Article Text

PDF

Controlled trial of maintenance cimetidine treatment in healed duodenal ulcer: short and long-term effects.
  1. M W Dronfield,
  2. A J Batchelor,
  3. W Larkworthy,
  4. M J Langman

    Abstract

    Forty-two patients with endoscopically diagnosed duodenal ulcer were studied in a double-blind trial after their ulcers had been healed with cimetidine. Cimetidine was effective in preventing relapse, only five of the 20 patients allocated to cimetidine 400 mg twice daily relapsing during the six months' treatment, compared with 16 of the 22 on placebo treatment (P less than 0.01). Cimetidine was safe in the dosage and duration used, no symptomatic, haematological, or biochemical abnormalities occurring during the trial. Subsequent follow-up at the end of the trial when treatment had been stopped showed that relapse was frequent, particularly in the cimetidine group, making the cumulative relapse rate eight months after completion of the trial similar in the two groups (75% in the cimetidine group, 86% in the placebo group). It seems likely that maintenance cimetidine treatment has to be continued indefinitely in patients with duodenal ulcer, and, until such treatment is shown to be safe and effective, surgical treatment remains a logical option for many patients.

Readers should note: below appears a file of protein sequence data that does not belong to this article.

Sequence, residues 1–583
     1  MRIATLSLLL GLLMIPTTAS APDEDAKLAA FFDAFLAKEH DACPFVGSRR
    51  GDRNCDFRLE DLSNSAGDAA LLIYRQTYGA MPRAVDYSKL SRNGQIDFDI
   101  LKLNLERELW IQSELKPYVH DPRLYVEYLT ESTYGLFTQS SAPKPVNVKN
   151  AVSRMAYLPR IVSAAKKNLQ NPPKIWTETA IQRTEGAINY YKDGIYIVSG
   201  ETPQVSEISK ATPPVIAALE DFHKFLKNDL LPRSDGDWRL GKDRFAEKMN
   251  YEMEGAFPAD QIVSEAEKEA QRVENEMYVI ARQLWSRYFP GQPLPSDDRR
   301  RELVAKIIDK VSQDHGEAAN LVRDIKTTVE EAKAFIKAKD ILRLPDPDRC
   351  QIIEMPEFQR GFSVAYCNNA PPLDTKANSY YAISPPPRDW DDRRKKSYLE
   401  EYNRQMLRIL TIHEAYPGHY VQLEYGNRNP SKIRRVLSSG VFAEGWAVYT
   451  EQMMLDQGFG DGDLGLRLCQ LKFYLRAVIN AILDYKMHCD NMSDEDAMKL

Statistics from Altmetric.com

    Request permissions

    If you wish to reuse any or all of this article please use the link below which will take you to the Copyright Clearance Center’s RightsLink service. You will be able to get a quick price and instant permission to reuse the content in many different ways.